He did try to get in front of the camera at first. I'll have to do some quick research to give you more details, but I think I recall that the reason he began to write screenplays was so that he could write a part in for himself. I seem to remember that one specific episode in which he did just this was Cheyenne S2E9 "The Iron Trail." But don't quote me until I can dig up a supporting reference.
Later, he was so in demand as a writer/director that he didn't really have time for more than cameo appearances. IMDb lists three for 77SS, but I believe there is a fourth. It came in the middle of an episode; he exited Dino's with a young lady on his arm and asked Kookie to bring up his car. I'll have to go in search of that episode. It may have been S3E4 "The Office Caper," but I'm just winging it here.
Not that Wikipedia is the be-all-end-all of all worldly information, but it states that Pittman never appeared in an episode in which he directed.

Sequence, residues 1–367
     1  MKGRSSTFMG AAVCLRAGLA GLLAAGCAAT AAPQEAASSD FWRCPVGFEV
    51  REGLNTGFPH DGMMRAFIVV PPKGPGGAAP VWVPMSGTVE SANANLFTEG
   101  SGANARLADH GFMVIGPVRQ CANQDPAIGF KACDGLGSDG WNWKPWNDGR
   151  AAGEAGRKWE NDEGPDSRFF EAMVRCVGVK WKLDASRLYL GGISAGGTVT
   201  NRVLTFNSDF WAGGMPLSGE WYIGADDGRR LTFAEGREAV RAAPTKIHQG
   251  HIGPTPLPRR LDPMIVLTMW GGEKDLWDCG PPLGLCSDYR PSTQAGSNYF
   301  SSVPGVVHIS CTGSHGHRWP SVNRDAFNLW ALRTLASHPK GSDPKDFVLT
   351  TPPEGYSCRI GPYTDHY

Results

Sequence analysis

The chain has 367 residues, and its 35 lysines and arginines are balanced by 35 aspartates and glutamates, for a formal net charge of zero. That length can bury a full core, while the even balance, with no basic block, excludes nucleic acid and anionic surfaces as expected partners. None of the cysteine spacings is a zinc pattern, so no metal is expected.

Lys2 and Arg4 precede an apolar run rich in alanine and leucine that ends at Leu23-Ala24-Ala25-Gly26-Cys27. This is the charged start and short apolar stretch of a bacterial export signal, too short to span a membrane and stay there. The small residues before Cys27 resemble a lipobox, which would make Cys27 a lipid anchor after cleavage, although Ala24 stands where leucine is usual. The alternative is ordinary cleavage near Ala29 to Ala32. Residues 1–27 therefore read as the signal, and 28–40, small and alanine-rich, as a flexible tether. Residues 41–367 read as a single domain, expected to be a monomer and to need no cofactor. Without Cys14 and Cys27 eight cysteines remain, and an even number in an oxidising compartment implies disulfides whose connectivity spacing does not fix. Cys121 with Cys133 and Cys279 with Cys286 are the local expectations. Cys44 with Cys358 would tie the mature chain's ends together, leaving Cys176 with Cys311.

Apparently, that rule didn't apply to those scripts he had written himself.
I love Wikipedia, but of course it isn't always accurate. And by the way, Pittman does indeed have a cameo in "The Office Caper." Just about halfway in, he comes out of Dino's with a slightly disgruntled-looking blonde woman and asks Kookie to bring his car immediately, stating that it's an emergency. He sports a dapper little moustache.
Get this show and Hawaiian Eye out on DVD soon, please!!! There has to be a way to clear all the obstacles. Look at all the posts and comments for these shows on here. There is enormous interest. Doesn't Warner know this? These 2 shows would be huge sellers.
To review the discussion here on this topic, the obstacle to a DVD release of any of the WB detective shows from this period is the music rights. They all are chock-full of performances of popular songs, the publishing rights to which the studio sold some time ago. The costs to secure the rights for DVD release would be prohibitive, given the probable interest in these shows.